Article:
Engineering for the realms of air and space is the ultimate innovation and testing ground for all aspects of engineering. The challenges dictated by the various aspects and differences of air and space are numerous. Construction of air and space craft, their propulsion, the multitude of applications make for a veritable playground for engineers. Applications of Aerospace Engineering range from aeronautics to space travel, communication technology, space experiments, as well as research pertaining to all of these.
The University of Applied Sciences Wiener Neustadt carries out research in the field of aerospace through its research subsidiary FOTEC, as well as through student projects; some initiated by students, some by the industry as well as other research institutions or by the European Space Agency (ESA). CubeSats, Unmanned Aerial Vehicles/Autonomous Aircraft, the use and implementation of state-of-the-art materials present a broad field of applications as well as areas to learn and develop. Numerous mission and project types are dedicated to space exploration, but some are purely based on commercial interests. The research in the field of aerospace addresses the following key topics:
For the implementation of research, a CubeSat Lab, an Experiment Lab for fluid mechanics, a Composite Lab and a Lab for development and qualification of propulsion systems and components are available.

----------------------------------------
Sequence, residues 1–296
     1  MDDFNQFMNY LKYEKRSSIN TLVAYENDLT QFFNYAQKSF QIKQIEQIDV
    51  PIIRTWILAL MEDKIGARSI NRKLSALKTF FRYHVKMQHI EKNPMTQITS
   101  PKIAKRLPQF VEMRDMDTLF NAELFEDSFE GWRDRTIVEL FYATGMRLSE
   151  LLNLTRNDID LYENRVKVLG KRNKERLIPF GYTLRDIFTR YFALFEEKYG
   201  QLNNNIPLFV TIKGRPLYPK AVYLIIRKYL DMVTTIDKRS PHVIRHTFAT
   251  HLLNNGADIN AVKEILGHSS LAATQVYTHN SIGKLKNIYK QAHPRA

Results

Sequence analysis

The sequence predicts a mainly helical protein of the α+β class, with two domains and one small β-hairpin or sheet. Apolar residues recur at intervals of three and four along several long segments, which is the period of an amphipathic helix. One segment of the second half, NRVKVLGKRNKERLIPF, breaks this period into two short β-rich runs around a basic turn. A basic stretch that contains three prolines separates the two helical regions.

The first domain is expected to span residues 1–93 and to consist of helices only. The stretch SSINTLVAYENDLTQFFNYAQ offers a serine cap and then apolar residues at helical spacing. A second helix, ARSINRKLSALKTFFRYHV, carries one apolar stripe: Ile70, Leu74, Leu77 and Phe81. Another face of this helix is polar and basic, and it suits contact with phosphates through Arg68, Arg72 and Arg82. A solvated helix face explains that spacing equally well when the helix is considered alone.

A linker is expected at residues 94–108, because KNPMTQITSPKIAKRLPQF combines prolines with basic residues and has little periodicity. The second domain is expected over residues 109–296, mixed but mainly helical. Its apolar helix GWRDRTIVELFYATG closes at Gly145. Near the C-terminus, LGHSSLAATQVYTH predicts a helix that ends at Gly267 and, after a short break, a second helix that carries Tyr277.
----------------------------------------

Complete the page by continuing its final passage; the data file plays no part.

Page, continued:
Facilities available on site:
The aim of this project, funded by the EU within the frame of H2020, is the development of electron sources using electrite material. FOTEC's task is to test an electron emitter with particularly low power for space applications.
The aim of the project financed by the ESA SCIENCE department is to further develop and optimise the ion thruster developed by FOTEC for future ESA science missions (e.g. LISA, NGGM).
The aim of this ESA project is to determine suitable methods for the production of components from so-called metallic glasses for space applications. FOTEC develops welding parameters for laser beam melting for the additive manufacturing of demonstrators.
The aim of this ESA project is to develop and test a thin (<3 cm) in-plane variable emissivity spacecraft radiator with a size of 10x10 cm², suitable for cubesats. Within a consortium consisting of CSEM (project lead, CH), ENBIO (IE), Heron Engineering (GR), FOTEC is responsible for environmental tests of the developed radiator.
This ESA project is concerned with the development of next generation Active Spacecraft POtential Control (ASPOC) devices, building on experience collected with an instrument built for the NASA MMS mission. Instead of single capillary emitters, porous crowns are used. FOTEC leads the project and develops the emitter modules, the space research institute (IWF) in Graz is responsible for the electronics.
The aim of this ESA project is to qualify the IFM nano and micro thrusters. FOTEC is responsible for further development of the power processing unit as well as for parts of the verifaction testing.